Starring: Channing Tatum, Mila Kunis, Eddie Redmayne, Tuppance Middleton, Sean Bean, Kick Gurry (Rated M 127 min).
The month of February has always been a traditional annual DOA dumping ground for cinema lemons. Mordecai was the first flop off the blocks and beware in the coming weeks of The Seventh Son, a lame dragon-slayer fantasy. But right now we have an extravagant $175 million space opera Jupiter Ascending that was originally set for release mid 2014.
Full of ambition and visual ecstasy, I would expect nothing less from the creators of the Matrix Trilogy, however after a pair of monumental failures (Speed Racer, Cloud Atlas), I would have thought film studios would not be so financially generous. Reasonably entertaining, no matter how amazing the special effects look, writing is key and this plot does nothing but set the bar low early.
House-cleaning for the rich and famous in Chicago, a gorgeous Russian immigrant (Mila Kunis) is intercepted by nasty aliens and almost abducted until she is rescued by her intergalactic saviour, a far more friendly pointy eared alien (Channing Tatum) who informs her she is a chosen one. As a genetically manufactured ‘splice’ of human and wolf bloodlines, Tatum is a far cry from Magic Mike. At least Mila Kunis looks the part sporting a galaxy of space gowns and jewels.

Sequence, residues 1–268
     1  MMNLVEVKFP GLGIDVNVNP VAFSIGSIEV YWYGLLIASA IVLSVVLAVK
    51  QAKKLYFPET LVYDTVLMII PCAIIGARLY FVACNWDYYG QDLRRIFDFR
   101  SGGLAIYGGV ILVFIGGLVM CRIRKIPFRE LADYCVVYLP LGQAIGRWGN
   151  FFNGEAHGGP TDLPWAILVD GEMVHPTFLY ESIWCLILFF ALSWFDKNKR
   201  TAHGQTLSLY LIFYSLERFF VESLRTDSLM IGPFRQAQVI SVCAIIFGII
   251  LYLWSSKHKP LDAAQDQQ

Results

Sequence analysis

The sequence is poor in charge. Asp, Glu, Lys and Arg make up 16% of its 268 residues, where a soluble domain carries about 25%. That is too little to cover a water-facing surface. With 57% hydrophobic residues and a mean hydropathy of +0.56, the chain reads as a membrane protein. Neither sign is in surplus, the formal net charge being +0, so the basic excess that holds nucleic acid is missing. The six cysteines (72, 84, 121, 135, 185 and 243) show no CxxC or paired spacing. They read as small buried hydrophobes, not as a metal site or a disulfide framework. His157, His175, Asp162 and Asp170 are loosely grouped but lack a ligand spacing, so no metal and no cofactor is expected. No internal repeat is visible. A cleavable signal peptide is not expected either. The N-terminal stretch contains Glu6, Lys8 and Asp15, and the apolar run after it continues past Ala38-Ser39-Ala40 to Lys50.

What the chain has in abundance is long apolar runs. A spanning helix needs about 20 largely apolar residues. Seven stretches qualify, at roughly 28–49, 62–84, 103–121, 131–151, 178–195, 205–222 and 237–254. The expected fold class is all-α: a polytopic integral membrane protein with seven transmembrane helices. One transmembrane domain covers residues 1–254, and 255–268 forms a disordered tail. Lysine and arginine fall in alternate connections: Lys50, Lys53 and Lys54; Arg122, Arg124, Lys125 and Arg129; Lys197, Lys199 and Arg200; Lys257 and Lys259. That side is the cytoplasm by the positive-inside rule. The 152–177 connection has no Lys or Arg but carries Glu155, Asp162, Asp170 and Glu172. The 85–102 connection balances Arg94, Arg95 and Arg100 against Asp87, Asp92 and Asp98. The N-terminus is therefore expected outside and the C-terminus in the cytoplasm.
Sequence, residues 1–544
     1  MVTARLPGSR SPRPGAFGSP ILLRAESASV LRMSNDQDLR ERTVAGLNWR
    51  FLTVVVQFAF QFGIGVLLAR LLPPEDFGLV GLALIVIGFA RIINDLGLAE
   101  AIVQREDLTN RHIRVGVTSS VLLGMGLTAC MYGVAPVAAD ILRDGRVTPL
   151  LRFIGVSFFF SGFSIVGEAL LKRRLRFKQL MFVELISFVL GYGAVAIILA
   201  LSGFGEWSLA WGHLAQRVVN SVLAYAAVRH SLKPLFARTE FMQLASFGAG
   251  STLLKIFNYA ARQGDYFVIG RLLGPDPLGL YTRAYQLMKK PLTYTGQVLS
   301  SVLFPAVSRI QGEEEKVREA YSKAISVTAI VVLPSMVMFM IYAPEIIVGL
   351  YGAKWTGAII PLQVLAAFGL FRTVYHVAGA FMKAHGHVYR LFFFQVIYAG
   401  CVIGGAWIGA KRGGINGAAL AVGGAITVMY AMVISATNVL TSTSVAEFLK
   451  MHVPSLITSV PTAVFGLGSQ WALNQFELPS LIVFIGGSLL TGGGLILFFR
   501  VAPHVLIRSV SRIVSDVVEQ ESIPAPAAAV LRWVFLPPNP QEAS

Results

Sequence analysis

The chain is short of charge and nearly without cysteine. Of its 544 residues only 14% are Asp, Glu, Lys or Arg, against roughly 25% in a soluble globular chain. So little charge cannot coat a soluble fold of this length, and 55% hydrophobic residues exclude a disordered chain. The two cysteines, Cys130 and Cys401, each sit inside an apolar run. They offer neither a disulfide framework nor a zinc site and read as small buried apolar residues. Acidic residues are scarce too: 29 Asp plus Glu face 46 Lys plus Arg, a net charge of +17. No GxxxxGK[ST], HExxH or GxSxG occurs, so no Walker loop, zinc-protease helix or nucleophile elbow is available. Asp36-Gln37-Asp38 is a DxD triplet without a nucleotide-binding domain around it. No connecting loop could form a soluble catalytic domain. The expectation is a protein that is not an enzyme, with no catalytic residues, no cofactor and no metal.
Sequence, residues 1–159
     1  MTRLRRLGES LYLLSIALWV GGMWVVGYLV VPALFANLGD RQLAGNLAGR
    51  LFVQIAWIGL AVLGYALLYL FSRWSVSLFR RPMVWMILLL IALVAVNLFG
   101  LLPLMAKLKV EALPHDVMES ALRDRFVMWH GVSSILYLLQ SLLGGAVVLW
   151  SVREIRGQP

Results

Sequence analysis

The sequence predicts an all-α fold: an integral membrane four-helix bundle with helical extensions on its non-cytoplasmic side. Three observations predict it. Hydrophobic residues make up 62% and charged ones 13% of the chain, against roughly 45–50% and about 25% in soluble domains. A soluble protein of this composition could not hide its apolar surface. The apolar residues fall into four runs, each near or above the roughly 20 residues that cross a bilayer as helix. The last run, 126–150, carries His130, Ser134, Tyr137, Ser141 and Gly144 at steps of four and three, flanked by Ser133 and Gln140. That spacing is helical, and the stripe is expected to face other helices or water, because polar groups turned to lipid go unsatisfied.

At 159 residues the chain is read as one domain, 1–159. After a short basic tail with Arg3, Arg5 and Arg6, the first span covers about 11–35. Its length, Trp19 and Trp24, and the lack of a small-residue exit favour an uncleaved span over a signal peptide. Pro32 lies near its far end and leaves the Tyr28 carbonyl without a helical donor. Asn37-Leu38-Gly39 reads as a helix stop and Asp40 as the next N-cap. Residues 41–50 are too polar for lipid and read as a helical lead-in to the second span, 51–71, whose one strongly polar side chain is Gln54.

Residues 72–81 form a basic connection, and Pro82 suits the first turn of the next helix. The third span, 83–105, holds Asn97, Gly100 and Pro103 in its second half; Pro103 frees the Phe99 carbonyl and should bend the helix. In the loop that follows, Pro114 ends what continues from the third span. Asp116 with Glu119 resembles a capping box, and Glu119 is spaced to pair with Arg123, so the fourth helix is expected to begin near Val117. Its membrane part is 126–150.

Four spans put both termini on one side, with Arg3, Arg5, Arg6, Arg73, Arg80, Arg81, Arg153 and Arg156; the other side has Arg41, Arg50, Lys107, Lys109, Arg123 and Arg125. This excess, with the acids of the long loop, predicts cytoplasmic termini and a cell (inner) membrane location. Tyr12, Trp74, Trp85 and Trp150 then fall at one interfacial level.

Apparently humans are unaware of true earth origins and her dust-buster character, aptly named Jupiter Jones, is next in a long line of destiny to be a ruling Queen of an elaborate alternate universe. Unconvincing romance and quiet moments are a mixed bag, as is the whole film really.
The villain who is not happy about the situation comes across like a creepy accountant rather than a menacing dictator. Actually the whole scenario turns out to be little more than a dysfunctional family feud over who owns the planet. Sibling ties argue on the rightful heir, boring. Selected action sequences give hope of more exciting things to come, they don’t.
For a unique vision, many science-fiction fans will appreciate the choreographed flair of the outer worlds reminiscent to classic Dune and Flash Gordon, but this is no Blade Runner.
Shane A. Bassett